In short, Brookfield defines ideology critique as “part learning process, part civic action”; it “focuses on helping people come to an awareness of how capitalism, White Supremacy, patriarchy, ableism, heterosexism and other ideologies shape beliefs and practices that justify and maintain economic and political inequity.”3 As Brookfield describes it, ideology critique is helpful tool for framing discussions about the unjust beliefs and assumption that dictate the unequal ways in which society is organized: “(1) that apparently open, Western democracies are actually highly unequal societies in which economic inequity, racism and class discrimination are empirical realities; (2) that the way this state of affairs is reproduced as seeming to be normal, natural and inevitable (thereby heading off potential challenges to the system) is through the dissemination of dominant ideology; and (3) that critical theory attempts to understand this state of affairs as a prelude to changing it.”4

As I understand and use his theory, the ubiquitous and dominant nature of unjust ideologies like racism demands that every subject area question its foundational assumptions in order to pave the way for real and lasting societal change. Assignments designed to teach ideology critique also help us model that habit of mind with our students and lets them practice it as well. In one of my introductory theology courses, for example, I have adopted the theory in an assignment designed for students to write a critical evaluation of the United States Conference of Catholic Bishops’ (USCCB) most recent document on race, “Open Wide Our Hearts: A Pastoral Letter Against Racism,” issued in 2018. In order to prepare students for the assignment, we spend a few class sessions analyzing the social realities of racism and white privilege, based on the work of scholars like Ibram X. Kendhi and Robin DiAngelo. We then turn to a Catholic theological perspective written by Bryan Massingale, a Black Roman Catholic moral theologian and priest, who also has recently come out as gay. I have students read Massingale’s critique of prior USCCB documents and list both the substantial deficits and limitations that he identifies. To do this, they read a chapter from his groundbreaking book, Racial Justice and the Catholic Church, which was published in 2010, eight years prior to when the most recent “Open Wide Our Hearts” document was written. Then, in their written assignment, I ask the students to apply Massingale’s critiques of the prior USCCB documents to their own analysis of the current one.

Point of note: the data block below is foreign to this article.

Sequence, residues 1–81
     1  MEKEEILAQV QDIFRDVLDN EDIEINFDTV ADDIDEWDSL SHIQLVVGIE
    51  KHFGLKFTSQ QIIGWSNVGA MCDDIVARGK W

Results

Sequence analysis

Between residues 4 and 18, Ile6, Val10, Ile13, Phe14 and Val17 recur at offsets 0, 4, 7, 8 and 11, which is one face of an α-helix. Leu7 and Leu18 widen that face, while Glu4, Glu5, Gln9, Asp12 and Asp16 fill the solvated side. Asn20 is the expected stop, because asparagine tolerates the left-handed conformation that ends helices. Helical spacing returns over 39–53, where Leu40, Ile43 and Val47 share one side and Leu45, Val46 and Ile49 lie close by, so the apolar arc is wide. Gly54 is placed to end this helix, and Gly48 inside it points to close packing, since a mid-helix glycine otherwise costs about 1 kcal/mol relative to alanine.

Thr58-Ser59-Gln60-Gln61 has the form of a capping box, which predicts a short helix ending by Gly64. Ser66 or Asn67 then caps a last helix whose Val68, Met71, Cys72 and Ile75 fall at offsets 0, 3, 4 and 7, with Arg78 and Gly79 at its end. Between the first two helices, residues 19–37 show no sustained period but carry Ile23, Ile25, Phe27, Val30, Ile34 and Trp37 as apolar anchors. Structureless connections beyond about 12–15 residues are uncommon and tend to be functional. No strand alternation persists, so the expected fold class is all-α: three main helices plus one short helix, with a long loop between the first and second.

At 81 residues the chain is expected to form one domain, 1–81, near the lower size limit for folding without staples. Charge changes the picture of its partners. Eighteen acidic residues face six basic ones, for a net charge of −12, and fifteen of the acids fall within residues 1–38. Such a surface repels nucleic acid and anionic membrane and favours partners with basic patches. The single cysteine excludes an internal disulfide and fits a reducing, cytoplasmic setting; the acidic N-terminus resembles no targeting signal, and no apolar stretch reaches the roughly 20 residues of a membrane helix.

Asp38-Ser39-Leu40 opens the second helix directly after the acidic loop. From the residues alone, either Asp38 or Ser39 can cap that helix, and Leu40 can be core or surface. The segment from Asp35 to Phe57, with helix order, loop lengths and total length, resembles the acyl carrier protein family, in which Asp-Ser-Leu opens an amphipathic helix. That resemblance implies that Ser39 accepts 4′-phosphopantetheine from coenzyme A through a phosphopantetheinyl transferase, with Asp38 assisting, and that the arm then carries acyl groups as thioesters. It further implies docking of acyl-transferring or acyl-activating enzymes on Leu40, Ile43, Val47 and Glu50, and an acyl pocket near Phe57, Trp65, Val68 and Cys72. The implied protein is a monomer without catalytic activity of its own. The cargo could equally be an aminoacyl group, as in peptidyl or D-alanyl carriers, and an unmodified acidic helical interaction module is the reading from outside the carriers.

This assignment has been effective for a number of reasons. First, it allows students the chance to explore how racism has been embedded not just in economics and politics, but also in religion—something of which they are not always aware. In particular, they often identify how even a theological document that denounces racism is itself entangled with assumptions based in patriarchy, heterosexism, and White Supremacy. For instance, many times students remark on how the USCCB document is written by a predominately White group of people, all of whom are men. In recent student papers, two different students made this critique and bolstered it by mentioning how the National Black Catholic Clergy Caucus (NBCCC) approved a statement in April of 1968 that described the Catholic Church as a “white racist institution.”